Veterans Affairs Ministry set up to calm disgruntled laid-off soldiers
Beijing is anxious to placate the large number of military veterans finding it hard to fit back into society and get work before they cause the government serious trouble
Beijing has created a Ministry of Veterans Affairs to dole out more welfare to China’s huge number of demobilized military personnel, as part of a sweeping bureaucratic reshuffle endorsed by the Chinese legislature.
The new ministry will take over matters previously in the hands of ministries responsible for civil affairs, human resources and social security and will discharge duties independently, rather than coming under the Central Military Commission, the command and control of the People’s Liberation Army.
Xinhua said the setting up of the new ministry is aimed at giving more privileges to veterans, to hail and honor their dedication and spirit, and try to ensure that servicemen get resettled, reemployed, and rehabilitated if injured or disabled.
The new ministry is expected to model the US Department of Veterans Affairs, which was elevated to ministerial level in 1989 to administer an all-encompassing medical and welfare portfolio ranging from clinics to cemeteries for decommissioned generals and soldiers.
“The aim is to make national service an honorable occupation and accord veterans the respect and welfare that they truly deserve,” a People’s Daily commentary said.
Communist Party chief Xi Jinping, who is also top commander of the two million-strong PLA, gave a rousing speech when he met PLA delegates during this year’s National People’s Congress. He vowed that he would never let veterans who shed blood defending the nation weep after they retire.
There has been a mass of layoffs and a disbanding of key regional commands since Xi took charge of the military and announced a shakeup of the PLA. In 2015 he announced a further 300,000 troops would be cut. But, his ruthless graft-busting drive, plus a draconian alcohol ban has also dented the morale of generals after they were stripped of cash perks and their favorite booze.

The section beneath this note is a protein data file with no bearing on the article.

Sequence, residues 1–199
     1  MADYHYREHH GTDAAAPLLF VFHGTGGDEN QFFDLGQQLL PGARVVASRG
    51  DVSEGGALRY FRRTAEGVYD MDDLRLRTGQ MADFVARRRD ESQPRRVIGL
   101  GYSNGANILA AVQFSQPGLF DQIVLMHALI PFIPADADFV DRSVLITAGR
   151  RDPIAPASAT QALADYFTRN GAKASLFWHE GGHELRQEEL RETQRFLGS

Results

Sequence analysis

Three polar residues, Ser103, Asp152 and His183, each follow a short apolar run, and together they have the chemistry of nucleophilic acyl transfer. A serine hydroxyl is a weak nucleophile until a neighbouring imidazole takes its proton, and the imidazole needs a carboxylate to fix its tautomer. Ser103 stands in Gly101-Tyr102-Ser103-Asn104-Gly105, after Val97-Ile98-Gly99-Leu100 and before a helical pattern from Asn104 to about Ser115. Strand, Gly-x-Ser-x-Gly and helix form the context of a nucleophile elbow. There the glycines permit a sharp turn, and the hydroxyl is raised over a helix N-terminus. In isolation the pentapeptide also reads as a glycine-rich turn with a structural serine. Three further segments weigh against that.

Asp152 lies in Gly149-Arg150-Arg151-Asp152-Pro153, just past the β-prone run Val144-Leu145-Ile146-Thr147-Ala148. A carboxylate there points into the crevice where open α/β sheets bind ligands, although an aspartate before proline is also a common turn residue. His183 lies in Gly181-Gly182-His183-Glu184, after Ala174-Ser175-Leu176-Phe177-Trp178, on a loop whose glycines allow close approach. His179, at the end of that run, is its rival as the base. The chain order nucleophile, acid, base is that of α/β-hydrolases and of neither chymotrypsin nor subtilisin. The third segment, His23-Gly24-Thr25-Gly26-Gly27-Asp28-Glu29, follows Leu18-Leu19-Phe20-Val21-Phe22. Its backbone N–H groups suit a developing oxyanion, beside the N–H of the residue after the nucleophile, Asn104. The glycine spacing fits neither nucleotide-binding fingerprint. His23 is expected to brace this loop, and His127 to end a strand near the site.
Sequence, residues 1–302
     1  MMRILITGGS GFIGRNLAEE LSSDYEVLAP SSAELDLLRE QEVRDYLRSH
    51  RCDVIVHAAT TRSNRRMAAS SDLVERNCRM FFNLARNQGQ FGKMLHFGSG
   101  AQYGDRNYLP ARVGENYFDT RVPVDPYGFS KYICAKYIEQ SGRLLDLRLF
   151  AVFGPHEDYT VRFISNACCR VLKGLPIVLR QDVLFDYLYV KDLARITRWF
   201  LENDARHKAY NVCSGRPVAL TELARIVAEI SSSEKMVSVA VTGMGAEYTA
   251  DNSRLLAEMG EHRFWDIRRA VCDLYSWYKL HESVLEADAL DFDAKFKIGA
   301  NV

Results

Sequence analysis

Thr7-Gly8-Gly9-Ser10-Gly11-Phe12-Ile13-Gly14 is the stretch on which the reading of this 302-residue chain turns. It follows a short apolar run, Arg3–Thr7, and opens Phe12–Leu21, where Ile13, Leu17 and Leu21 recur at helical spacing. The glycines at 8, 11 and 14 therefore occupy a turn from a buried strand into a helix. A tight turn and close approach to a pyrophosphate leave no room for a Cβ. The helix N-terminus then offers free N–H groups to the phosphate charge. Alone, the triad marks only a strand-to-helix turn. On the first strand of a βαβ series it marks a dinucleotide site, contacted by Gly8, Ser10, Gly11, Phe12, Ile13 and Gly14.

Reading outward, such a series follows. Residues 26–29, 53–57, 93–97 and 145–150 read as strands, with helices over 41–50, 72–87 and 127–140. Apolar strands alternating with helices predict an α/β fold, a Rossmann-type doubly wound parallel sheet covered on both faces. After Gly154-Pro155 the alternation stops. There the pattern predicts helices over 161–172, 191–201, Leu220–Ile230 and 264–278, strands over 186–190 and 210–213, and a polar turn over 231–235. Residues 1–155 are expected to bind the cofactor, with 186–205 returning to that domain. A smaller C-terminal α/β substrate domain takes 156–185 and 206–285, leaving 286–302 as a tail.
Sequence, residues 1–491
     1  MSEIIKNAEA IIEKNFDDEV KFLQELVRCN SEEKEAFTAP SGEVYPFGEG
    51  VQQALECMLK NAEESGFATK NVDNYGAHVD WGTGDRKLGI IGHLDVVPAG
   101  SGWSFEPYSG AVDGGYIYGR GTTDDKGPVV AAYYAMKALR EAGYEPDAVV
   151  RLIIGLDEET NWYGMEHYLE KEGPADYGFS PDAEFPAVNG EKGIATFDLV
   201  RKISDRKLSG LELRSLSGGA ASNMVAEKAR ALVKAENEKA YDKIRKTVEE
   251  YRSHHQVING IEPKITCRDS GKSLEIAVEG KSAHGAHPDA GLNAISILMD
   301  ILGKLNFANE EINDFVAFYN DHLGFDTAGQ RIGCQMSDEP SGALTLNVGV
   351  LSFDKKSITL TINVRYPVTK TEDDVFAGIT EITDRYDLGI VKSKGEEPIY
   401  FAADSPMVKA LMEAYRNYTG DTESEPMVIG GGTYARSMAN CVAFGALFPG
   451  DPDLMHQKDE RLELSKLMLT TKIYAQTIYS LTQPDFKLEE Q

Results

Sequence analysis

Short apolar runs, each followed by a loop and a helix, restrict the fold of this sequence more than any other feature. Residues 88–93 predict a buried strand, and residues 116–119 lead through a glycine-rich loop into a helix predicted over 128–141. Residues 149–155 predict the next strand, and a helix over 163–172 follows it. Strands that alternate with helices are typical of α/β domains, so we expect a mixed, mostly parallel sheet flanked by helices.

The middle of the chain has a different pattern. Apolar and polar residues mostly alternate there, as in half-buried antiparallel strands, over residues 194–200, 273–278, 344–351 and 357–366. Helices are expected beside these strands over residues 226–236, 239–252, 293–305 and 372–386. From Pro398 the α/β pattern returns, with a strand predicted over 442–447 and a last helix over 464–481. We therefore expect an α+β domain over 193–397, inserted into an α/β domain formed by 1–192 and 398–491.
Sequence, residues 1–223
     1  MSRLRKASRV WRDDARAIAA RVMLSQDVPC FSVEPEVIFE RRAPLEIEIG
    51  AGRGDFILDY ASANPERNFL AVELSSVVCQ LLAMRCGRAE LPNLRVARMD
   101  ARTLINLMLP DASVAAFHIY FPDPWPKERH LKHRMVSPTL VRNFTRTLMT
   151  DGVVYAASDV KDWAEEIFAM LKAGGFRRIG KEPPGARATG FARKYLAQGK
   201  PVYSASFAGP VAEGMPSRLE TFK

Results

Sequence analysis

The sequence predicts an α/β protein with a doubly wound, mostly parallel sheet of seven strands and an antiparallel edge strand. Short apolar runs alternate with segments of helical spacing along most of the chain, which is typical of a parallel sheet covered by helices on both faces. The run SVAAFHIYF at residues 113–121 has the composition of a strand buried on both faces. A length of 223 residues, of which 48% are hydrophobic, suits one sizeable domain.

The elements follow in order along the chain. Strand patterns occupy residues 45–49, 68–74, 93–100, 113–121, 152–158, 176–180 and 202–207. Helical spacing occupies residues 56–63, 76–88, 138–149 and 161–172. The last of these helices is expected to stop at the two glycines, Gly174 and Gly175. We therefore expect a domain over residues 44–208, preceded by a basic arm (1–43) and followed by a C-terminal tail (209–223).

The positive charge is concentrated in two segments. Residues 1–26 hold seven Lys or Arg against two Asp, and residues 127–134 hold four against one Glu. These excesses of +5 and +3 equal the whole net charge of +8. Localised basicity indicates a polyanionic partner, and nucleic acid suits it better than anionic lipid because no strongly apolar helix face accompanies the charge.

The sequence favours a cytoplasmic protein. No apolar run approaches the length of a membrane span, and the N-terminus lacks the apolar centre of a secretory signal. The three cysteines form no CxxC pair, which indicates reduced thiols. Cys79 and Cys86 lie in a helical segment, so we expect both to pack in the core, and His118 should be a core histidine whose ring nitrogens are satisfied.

Another graver reality is that large numbers of retired troops are often caught up in job-market rivalry because of their lack of skills and/or detachment with society after spending years on insulated barracks. Pensions, allowances and cash handouts may not land in the hands of former servicemen and their families due to red tape and the mass of agencies and departments good at shirking responsibilities.
Increasing petitions and protests by disgruntled veterans have worried Communist Party chiefs, so Beijing is anxious to mollify these unruly ex-combatants before some pose more crippling threats to the party’s rule than anything that the discontented masses might muster.
Observers had warned that a Chinese “Bonus Expeditionary Force” – a historic protest by 17,000 US World War I veterans, plus their families and affiliated groups that massed in Washington in 1932 to demand cash-payment of their service certificates – may lay a similar siege in Beijing if the country’s communist leaders continue to ignore the simmering frustration among veterans.
Beijing recently boosted its national defense spending for the year by 8.1% to a whopping 1.1 trillion yuan (US$175 billion) and while a portion will go to developing or procuring advanced weaponry, a big chunk of the pie is set aside for the PLA’s payroll. The creation of a new Veterans Affairs Ministry is also a bid to placate dissension among the mass of military personnel who have retired or been made redundant.
Sun Shaocheng, the former Deputy Minister of Civil Affairs, is tipped to head the new ministry.